Hexbyte – Science and Tech Instagram has considered hiding the like count on people’s photos – The Verge

Hexbyte – Science and Tech Instagram has considered hiding the like count on people’s photos – The Verge

Hexbyte – Science and Tech

Instagram has considered hiding the like count on photos, so audiences can’t see how many people have liked an individual post. An unreleased feature that would publicly hide like counts was spotted today by code hunter Jane Wong, who says the test states that Instagram wants “your followers to focus on what you share, not how many likes your posts get.” Only the person who posted a photo will be able to see the number of likes it’s received.

Instagram says that it has not tested the feature. In a statement to The Verge, an Instagram spokesperson said: “We’re not testing this at the moment, but exploring ways to reduce pressure on Instagram is something we’re always thinking about.”

Details of the test come just days after the Independent indicated that the British Information Commissioner’s Office has recommended that social platforms, like Instagram and Snapchat, offer the option to turn off features like likes and “streaks” that encourage users to keep posting. The agency wants to ban these features in order to protect the safety and privacy of the platforms’ youngest users.

Instagram is testing hiding like count from audiences,

as stated in the app: “We want your followers to focus on what you share, not how many likes your posts get” pic.twitter.com/MN7woHowVN

— Jane Manchun Wong (@wongmjane) April 18, 2019

This would be a massive change to how the platform functions. Likes, while absolutely demoralizing at times, encourage people to post and give them incentive to post content that performs. It also can incentivize the posting of less authentic content, however, like gorgeous landscapes, nudity, or thirst trap photos that might garner likes, but aren’t the most interesting or thoughtful.

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Hexbyte – Science and Tech Facebook is working on an AI voice assistant similar to Alexa, Google Assistant – Ars Technica

Hexbyte – Science and Tech Facebook is working on an AI voice assistant similar to Alexa, Google Assistant – Ars Technica

Hexbyte – Science and Tech

AI —

There’s no indication that it will extend outside Facebook’s own hardware—yet.


Hexbyte - Science and Tech Facebook's Portal+ smart display.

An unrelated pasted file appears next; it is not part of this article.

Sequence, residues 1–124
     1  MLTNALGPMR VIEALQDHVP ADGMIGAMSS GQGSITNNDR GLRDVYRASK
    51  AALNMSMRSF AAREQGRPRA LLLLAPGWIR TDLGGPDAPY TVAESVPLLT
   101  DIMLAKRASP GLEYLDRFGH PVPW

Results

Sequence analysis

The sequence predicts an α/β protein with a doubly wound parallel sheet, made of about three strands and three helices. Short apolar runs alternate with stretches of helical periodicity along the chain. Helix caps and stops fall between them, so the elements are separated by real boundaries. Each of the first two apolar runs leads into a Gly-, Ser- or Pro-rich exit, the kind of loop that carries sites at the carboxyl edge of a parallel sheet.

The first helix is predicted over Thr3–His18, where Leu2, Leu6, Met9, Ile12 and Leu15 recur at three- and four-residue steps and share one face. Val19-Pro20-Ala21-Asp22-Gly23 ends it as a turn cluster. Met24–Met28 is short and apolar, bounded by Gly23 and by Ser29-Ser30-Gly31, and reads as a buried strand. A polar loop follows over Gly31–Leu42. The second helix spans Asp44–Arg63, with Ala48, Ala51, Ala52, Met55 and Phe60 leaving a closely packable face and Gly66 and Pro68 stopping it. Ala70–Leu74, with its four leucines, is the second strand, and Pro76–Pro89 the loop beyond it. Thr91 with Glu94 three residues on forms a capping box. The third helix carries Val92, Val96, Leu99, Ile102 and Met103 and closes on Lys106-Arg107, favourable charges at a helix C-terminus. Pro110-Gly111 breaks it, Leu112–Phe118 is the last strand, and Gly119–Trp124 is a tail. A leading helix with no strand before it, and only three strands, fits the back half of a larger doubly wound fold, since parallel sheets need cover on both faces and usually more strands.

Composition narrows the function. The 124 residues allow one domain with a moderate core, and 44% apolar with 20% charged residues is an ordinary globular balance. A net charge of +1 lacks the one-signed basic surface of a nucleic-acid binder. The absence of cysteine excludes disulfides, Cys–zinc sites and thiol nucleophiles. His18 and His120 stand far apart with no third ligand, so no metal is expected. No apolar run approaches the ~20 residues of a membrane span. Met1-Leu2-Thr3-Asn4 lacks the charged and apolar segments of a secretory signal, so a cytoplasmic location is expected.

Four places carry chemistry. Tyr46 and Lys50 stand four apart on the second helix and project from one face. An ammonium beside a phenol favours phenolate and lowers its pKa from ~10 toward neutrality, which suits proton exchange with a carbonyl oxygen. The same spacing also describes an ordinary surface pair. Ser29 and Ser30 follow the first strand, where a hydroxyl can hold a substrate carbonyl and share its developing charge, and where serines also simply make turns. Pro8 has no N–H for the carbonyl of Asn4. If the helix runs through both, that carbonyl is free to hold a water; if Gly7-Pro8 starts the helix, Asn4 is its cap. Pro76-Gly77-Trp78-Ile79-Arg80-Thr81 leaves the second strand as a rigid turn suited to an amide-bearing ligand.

Enlarge /

Along with video chatting through Facebook Messenger, both Portal devices have built-in Amazon Alexa.

Facebook is working on developing an AI voice assistant similar in functionality to Amazon Alexa, Google Assistant, or Siri, according to a report from CNBC and a later statement from a Facebook representative.

The CNBC report, which cites “several people familiar with the matter,” says the project has been ongoing since early 2018 in the company’s offices in Redmond, Washington. The endeavor is led by Ira Snyder, whose listed title on LinkedIn is “Director, AR/VR and Facebook Assistant at Facebook.” Facebook Assistant may be the name of the project. CNBC writes that Facebook has been reaching out to vendors in the smart-speaker supply chain, suggesting that Portal may only be the first of many smart devices the company makes.

When contacted for comment, Facebook sent a statement to Reuters, The Verge, and others, saying: “We are working to develop voice and AI assistant technologies that may work across our family of AR/VR products including Portal, Oculus, and future products.”

Portal is a messaging-focused smart display product that launched in November of last year. Currently, it includes Amazon Alexa instead of a Facebook-developed voice assistant. The product’s price was recently cut from $199 to $99.

Facebook has previously experimented with AI integrations and bots within its Messenger service, including a chat-based virtual assistant. But this new project appears to be focused on interfaces for hardware devices like the Portal and the Oculus Rift VR headset.

The revelation that Facebook is working on an assistant like this has been cause for concern among privacy hawks, as devices like this may often be listening to the households in which they’ve been installed. The company has an abysmal track record when it comes to user privacy, such that CEO Mark Zuckerberg recently announced nascent plans to overhaul large parts of the business.

There’s no reason to assume at this point that Facebook will seek to compete with Alexa or Google Assistant by offering its own assistant to third parties for use in their devices. But the company’s poor privacy track record will be a concern should it pursue that path.